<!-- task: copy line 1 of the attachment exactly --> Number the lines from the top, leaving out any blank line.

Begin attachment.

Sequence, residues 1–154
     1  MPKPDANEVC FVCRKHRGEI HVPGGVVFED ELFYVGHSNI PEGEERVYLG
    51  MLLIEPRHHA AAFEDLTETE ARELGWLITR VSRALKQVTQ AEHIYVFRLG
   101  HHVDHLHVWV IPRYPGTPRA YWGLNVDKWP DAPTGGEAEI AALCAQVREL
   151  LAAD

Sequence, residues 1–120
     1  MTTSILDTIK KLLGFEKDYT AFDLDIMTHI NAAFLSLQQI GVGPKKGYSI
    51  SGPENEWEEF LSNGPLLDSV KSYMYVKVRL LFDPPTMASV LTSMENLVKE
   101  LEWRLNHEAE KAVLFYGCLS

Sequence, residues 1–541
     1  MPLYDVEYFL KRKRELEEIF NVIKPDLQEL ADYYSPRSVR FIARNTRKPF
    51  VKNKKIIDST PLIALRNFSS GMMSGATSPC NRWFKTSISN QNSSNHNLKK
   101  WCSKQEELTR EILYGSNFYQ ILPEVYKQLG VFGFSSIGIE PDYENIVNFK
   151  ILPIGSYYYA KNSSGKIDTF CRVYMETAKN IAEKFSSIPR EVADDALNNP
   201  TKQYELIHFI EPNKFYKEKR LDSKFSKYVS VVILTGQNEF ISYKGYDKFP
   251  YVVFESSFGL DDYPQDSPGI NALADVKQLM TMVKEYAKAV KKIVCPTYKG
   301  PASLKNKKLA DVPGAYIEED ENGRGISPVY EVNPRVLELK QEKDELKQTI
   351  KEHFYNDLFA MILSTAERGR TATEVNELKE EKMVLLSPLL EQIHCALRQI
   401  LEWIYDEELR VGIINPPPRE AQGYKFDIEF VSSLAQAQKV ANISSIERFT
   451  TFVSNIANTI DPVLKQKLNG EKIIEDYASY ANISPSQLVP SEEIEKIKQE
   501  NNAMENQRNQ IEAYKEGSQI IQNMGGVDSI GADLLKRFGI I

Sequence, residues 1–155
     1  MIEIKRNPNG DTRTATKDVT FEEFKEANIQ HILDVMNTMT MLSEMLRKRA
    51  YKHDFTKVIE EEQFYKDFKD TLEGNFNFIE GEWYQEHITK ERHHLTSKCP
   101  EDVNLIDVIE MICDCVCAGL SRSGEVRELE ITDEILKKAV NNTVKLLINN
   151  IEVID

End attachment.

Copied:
Sequence, residues 1–154